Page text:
This summer I spent five invaluable weeks working with Prof Karin Barber and Dr Insa Nolte on a research project titled ‘Muslim, Christian and Other Engagements in Religious Pamphlets from Nigeria’, reading a bevy of pamphlets and inputting relevant material into a detailed database. Nigeria is a secular state, that while has no state religion, can be perceived as a multi-religious country. The nation is fairly evenly divided between Christianity and Islam, with a small percentage adhering to local traditional religions. This religious divide has also created a cultural divide within Nigeria, as I discovered when reading the pamphlets.
The pamphlets discussed a wide range of religious, social, and cultural aspects of daily life; ranging from the mundane such as married life, to more controversial opinions on sex outside of marriage and adultery. These offered a diverse outlook on the topics, with many being far more conservative than that which we are used to in the western world. I found the pamphlets incredibly enthralling as they captured elements of a culture with which I was not properly acquainted (here is one of the pamphlets that I read converted into a film). I would highly recommend to those considering participating in the undergraduate research scholarship scheme to branch out and partake in a project that is outside your previous studies as I did, as this gave me an opportunity to study something I found enticing but would not be able to study as part of my degree.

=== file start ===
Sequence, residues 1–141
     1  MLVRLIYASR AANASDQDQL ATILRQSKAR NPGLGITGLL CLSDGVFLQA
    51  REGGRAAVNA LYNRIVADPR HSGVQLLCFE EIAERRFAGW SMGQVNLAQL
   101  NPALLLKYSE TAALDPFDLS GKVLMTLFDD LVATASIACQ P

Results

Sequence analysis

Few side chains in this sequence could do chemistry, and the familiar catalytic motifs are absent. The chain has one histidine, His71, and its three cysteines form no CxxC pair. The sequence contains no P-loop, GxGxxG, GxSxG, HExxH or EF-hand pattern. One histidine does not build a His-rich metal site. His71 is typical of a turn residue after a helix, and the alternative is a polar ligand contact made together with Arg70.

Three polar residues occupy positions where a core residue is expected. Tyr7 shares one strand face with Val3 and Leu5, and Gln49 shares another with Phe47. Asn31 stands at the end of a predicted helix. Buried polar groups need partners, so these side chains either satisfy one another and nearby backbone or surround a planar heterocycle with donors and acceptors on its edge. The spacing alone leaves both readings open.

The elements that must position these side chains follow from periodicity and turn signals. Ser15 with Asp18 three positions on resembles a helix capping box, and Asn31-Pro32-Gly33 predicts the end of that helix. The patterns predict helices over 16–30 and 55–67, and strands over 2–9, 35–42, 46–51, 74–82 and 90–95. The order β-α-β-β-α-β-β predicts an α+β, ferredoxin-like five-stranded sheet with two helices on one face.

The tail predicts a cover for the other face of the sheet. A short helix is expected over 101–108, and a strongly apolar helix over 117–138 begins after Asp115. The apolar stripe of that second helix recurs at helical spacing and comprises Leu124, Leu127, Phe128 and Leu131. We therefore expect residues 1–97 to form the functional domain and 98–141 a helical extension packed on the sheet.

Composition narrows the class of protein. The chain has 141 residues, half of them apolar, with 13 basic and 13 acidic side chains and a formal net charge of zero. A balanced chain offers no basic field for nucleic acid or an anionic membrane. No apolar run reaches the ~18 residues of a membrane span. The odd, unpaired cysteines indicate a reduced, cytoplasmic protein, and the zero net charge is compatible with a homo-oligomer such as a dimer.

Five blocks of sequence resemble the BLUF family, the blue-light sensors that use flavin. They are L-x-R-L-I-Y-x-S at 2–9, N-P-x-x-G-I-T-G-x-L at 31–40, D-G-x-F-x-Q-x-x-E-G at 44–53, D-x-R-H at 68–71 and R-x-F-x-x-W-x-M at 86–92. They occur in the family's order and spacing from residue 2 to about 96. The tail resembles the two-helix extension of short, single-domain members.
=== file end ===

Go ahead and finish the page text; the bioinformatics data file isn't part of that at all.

I developed many transferable skills from this opportunity that will not only aid me in my final year, but in any postgraduate studies I choose to undertake. From this project I have learned how to create a large database, and developed an understanding of what material is considered valuable within it. For each pamphlet, I had to create a detailed synopsis of the content and create comparisons to religious texts. This has allowed me to develop my writing and note taking, in a way that will largely benefit my dissertation. I feel this project will be of great benefit in voluntary work in such places as a library or an archive as the skills required are very similar in nature.
To summarise, I found the UGRS to be an incredibly enriching experience and would greatly recommend to anyone considering postgraduate studies, or simply someone who would like to gain some useful skills to get ahead in their degree. While difficult at times, the project was a priceless experience that I believe has shaped the way I will study in my future endeavours, and has greatly prepared me for my final year.
Emily Ormondroyd, BA Ancient History